Replication of the parvovirus minute virus of mice (MVM) induces a sustained cellular DNA damage response (DDR) which the virus then exploits to enhance its infection in host cells. An essential aspect of the MVM-induced DDR is the establishment of a potent G2/M arrest. Although p53 remains activated, p21 is degraded and ATR/Chk1 signaling is disabled. We find that a surprising p21- and Chk1-independent cell cycle block is established via a novel mechanism that results in the significant, specific depletion of cyclin B1 and its encoding RNA, which precludes cyclin B1/CDK1 complex function thus preventing mitotic entry. The Parvovirinae are small non-enveloped icosahedral viruses that are important pathogens in many animal species including humans. They are the only known viruses of vertebrates that contain single-stranded linear DNA genomes, and they continually present novel replicative DNA structures to cells during infection. This application proposes to further examine how MVM exploits the cellular DDR to prepare the nuclear environment for effective parvovirus takeover. The following aims are based on recently published findings:
Aim I. How, and for what purpose, does the MVM-induced DDR cause re-localization of the CRL4Cdt2 E3 ubiquitin ligase to APAR bodies? Efficient MVM replication requires the CRL4Cdt2 E3 ubiquitin ligase-targeted depletion of p21 to prevent its inhibitory interaction with PCNA, an essential co-factor for DNA polymerase ?, which replicates the MVM genome. This ligase also has other important targets involved in DNA replication. We propose to further characterize the status and localization of the components of the ligase complex within viral replication centers; characterize the mechanism by which p21 is depleted, Cdt1 is spared, and how this facilitates infection; and investigate potential additional roles for the ligase during infection.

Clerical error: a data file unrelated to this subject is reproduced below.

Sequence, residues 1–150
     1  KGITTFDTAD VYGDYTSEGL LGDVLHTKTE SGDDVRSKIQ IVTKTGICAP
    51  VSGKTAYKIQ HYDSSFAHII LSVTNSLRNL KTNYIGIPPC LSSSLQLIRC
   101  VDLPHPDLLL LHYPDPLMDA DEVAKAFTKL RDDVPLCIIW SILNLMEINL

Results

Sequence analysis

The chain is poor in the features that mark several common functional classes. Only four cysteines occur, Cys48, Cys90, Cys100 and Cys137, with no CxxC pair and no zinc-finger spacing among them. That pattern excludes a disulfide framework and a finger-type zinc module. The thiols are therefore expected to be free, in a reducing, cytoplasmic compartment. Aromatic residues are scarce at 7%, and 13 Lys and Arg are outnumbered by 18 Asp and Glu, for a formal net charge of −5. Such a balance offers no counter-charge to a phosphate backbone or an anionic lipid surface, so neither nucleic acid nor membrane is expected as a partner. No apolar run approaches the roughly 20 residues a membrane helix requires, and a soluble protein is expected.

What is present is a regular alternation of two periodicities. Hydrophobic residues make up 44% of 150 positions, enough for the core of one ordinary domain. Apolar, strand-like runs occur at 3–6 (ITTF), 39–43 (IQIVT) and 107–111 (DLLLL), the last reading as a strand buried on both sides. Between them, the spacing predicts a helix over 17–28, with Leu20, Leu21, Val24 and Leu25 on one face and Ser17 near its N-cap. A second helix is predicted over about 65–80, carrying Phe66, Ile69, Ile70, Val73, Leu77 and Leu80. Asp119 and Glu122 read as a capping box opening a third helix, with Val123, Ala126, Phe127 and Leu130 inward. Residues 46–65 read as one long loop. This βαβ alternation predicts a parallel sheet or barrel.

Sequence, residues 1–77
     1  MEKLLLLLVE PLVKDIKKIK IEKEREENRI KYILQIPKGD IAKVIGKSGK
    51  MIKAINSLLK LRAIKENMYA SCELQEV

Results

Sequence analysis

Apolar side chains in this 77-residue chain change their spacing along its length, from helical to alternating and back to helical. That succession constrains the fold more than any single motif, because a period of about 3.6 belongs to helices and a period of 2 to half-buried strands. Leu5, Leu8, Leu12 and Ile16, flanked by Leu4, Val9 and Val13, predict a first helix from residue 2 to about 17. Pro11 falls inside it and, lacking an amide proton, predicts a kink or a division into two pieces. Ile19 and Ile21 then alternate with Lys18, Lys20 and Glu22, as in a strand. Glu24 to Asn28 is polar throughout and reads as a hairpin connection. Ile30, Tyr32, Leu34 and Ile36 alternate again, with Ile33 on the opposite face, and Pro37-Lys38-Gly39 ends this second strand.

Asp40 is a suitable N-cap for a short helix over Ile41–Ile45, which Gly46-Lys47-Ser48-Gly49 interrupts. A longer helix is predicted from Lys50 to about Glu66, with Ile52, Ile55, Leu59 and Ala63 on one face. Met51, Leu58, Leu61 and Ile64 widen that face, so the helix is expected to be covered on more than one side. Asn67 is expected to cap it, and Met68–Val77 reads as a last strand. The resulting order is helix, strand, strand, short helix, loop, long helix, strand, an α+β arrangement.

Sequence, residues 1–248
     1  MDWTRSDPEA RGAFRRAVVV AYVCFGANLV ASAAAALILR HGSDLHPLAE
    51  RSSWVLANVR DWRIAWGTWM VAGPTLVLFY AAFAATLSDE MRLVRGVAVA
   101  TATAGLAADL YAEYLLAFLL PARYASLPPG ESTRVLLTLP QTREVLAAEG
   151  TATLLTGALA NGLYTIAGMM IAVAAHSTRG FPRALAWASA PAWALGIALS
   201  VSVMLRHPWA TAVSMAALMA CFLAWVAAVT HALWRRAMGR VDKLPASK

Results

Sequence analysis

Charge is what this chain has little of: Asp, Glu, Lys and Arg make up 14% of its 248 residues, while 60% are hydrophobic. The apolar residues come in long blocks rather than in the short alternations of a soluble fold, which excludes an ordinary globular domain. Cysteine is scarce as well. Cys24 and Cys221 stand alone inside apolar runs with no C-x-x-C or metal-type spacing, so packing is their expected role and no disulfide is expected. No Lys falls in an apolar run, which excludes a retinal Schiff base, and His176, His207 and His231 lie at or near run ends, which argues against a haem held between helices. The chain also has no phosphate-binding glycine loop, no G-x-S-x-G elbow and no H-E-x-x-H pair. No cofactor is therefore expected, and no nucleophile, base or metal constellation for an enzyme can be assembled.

Aim II. How, and for what purpose, is ATR signaling disabled during the MVM-induced DDR? Neither Chk1, a downstream target of ATR and normally an important mediator of cell cycle arrest, nor ATR itself, is activated during MVM infection, even though viral genomes bearing bound RPA - normally a potent trigger of ATR activation - accumulate in viral replication centers. It is now clear that ATR signaling is actively disabled following establishment of the MVM-induced DDR. We propose to investigate the means by which ATR is disabled, and the purpose its disabling serves during infection.
Aim III. How, and for what purpose, does the MVM-induced DDR cause depletion of cyclin B1? The MVM-induced p21- and Chk1-independent cell cycle arrest proceeds via a process unlike that seen in response to other DNA-damaging agents or other virus infections: it results in a dramatic depletion of cyclin B1 and its encoding RNA which precludes mitotic entry. We propose to determine the mechanism by which cyclin B1 RNA is depleted in infected cells, whether there is a role for the viral nonstructural proteins within the context of an ongoing DDR, and to determine the purpose this depletion serves during infection.
The Parvovirinae are small non-enveloped icosahedral viruses that are important pathogens in many animal species including humans. They possess small linear single-stranded DNA (ssDNA) genomes and their replication relies extensively on host nuclear factors. Upon infection, parvoviruses induce a cellular DNA damage response (DDR) that they exploit to their replicative advantage. Our studies will clarify critical aspects o parvovirus-cell interaction, develop new paradigms in the DDR field, and deliver significant insight into fundamental aspects of viral pathogenesis.
|Majumder, Kinjal; Wang, Juexin; Boftsi, Maria et al. (2018) Parvovirus minute virus of mice interacts with sites of cellular DNA damage to establish and amplify its lytic infection. Elife 7:|
|Fuller, Matthew S; Majumder, Kinjal; Pintel, David J (2017) Minute Virus of Mice Inhibits Transcription of the Cyclin B1 Gene during Infection. J Virol 91:|
|Majumder, Kinjal; Etingov, Igor; Pintel, David J (2017) Protoparvovirus Interactions with the Cellular DNA Damage Response. Viruses 9:|